Business People in a Meeting and Working Together

Director nominations: findings from the PRI-led collaborative engagement

“At West Midlands we believe robust governance makes companies much more resilient to shocks,” says Leanne Clements, responsible investment officer at the Wolverhampton-based £11.4 billion West Midlands Pension Fund.

It’s the reason why the UK local authority fund has been working with an ongoing PRI-led collaborative engagement process exploring different corporate practices around director nominations in 23 companies in France and the US.

“It’s not our job to micromanage companies, but director nominations are a proxy to having a real effect,” she said speaking at the UN-supported PRI in Person 2015 conference in London.

PRI has long been urging investors to play more of a role in the election and oversight of corporate boards, arguing that a robust director nomination process is of fundamental importance to board effectiveness.

By prioritising this area, it says, asset owners can become directly involved in nomination committees or exercise their voting rights with profound effects on governance.

The PRI’s information gathering process, ongoing until next year and broadly welcomed and perceived as relevant by corporations, has already illuminated board practices with possible governance implications.

In French companies access to the board isn’t always easy, observes Michael Herskovich, head of corporate governance, BNP Paribas Asset Management. “French companies don’t see boards as a point of contact for investors. Board nominations, or the possibility for investors to speak directly to boards, is still a first step. We are not there yet.”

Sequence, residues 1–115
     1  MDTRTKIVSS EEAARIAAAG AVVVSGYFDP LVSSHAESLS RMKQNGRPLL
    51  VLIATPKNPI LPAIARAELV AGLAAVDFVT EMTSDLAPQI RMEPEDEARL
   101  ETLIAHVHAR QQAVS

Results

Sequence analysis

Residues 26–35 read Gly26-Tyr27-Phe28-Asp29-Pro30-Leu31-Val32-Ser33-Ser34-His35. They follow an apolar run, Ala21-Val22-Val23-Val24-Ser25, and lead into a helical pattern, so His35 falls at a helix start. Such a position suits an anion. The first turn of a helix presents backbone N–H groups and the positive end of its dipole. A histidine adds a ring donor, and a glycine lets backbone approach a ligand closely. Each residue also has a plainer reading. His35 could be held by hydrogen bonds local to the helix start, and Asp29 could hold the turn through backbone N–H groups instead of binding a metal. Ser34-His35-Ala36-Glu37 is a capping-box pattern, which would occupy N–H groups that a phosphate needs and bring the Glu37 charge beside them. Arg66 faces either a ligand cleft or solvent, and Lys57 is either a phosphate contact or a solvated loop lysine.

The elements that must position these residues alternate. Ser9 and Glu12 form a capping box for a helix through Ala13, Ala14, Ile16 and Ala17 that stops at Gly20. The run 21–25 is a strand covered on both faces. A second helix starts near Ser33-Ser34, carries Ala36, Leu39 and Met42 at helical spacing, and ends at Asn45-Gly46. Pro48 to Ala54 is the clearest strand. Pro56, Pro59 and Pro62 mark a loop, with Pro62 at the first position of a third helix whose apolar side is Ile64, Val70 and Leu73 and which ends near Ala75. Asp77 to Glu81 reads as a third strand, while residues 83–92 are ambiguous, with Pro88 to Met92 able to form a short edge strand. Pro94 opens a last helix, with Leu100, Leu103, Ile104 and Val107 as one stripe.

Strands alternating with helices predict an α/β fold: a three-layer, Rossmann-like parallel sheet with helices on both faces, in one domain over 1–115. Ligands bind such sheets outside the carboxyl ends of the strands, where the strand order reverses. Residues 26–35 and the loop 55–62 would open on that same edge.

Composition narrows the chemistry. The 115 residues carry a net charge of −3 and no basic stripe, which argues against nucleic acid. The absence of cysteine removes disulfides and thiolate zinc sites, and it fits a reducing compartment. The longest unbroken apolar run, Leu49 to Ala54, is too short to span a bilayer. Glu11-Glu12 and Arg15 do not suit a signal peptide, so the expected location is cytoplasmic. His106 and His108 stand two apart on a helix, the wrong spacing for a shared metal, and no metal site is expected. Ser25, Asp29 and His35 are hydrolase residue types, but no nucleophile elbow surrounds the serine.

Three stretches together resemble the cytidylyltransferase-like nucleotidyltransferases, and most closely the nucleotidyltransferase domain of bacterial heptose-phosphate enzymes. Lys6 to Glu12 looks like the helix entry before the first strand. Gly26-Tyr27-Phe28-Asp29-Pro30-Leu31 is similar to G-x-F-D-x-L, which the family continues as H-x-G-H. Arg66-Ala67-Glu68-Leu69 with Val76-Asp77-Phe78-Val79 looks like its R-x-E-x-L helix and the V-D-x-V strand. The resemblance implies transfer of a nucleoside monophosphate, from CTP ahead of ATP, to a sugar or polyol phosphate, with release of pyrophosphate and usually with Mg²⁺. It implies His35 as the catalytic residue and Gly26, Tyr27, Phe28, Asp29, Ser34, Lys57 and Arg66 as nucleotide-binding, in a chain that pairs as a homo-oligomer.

Other practices include chief executive involvement in the selection of non-executive directors in some French companies. “Is this best practice?” doubts Jean-Nicolas Caprasse, director, ISS Europe, ISS.

Many French companies also have combined chief executive and chairman roles, another issue high on the governance radar, the research has revealed.

The PRI-led collaboration with US companies, where demands for proxy access which gives shareholders a formal right to propose their own candidates alongside those named by the current board is growing, shows that corporations with substantial shareholders tend to disclose less.

Boards with more women also tend to have better disclosure. In France, researchers found the number of foreign directors on a board tended to improve the level of disclosure.

“Disclosure of a board’s makeup is crucial for shareholders to be able to examine a board’s skills mix, the gender mix, experience and age. It creates a really good picture of where they are strong and where there are gaps so investors can then help push to fill the gaps,” says Clements. “We would encourage investors to ask companies if they are doing a skills matrix and then show it to shareholders so that at election they can understand if those new directors coming in will really fill the gaps.”